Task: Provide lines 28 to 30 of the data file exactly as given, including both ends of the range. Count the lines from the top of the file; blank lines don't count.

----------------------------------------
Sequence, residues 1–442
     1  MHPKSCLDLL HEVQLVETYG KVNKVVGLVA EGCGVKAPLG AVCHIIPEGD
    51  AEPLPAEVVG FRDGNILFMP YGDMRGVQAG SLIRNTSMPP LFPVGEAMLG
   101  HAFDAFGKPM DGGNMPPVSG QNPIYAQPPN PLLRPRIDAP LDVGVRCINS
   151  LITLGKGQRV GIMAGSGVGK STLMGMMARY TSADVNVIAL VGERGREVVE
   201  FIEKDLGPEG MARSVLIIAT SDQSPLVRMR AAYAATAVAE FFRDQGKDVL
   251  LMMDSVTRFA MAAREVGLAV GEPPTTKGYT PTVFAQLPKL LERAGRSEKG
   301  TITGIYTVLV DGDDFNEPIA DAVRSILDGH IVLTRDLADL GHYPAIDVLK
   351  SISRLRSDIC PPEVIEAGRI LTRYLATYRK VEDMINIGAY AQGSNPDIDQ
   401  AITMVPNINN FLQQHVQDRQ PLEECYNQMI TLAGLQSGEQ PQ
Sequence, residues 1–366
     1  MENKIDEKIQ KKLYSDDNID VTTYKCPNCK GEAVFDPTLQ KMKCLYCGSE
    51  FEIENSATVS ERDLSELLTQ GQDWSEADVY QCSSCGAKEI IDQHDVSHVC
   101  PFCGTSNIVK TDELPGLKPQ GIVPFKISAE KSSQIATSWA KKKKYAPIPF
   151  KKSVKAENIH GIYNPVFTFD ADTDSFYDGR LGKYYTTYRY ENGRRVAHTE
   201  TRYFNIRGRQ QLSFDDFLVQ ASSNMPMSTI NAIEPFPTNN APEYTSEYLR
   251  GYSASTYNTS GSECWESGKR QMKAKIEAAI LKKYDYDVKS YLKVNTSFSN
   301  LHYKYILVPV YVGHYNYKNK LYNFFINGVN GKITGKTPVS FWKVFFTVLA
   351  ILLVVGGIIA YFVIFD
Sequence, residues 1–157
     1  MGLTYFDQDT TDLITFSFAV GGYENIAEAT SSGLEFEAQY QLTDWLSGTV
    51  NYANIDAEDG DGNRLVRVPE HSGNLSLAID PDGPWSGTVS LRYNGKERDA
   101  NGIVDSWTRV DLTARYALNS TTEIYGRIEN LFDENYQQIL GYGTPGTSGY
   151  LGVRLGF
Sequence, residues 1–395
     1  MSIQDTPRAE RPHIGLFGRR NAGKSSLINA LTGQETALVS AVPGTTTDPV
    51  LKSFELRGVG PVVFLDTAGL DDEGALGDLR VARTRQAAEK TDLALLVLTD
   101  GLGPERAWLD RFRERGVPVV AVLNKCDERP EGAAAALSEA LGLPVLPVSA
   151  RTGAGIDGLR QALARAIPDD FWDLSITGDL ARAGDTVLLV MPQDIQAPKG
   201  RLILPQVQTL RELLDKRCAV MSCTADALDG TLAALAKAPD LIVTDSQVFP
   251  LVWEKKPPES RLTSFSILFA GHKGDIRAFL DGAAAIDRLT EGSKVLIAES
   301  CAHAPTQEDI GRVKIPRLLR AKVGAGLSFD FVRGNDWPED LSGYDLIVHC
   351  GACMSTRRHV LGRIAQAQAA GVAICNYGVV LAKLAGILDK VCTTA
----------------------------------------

   101  GLGPERAWLD RFRERGVPVV AVLNKCDERP EGAAAALSEA LGLPVLPVSA
   151  RTGAGIDGLR QALARAIPDD FWDLSITGDL ARAGDTVLLV MPQDIQAPKG
   201  RLILPQVQTL RELLDKRCAV MSCTADALDG TLAALAKAPD LIVTDSQVFP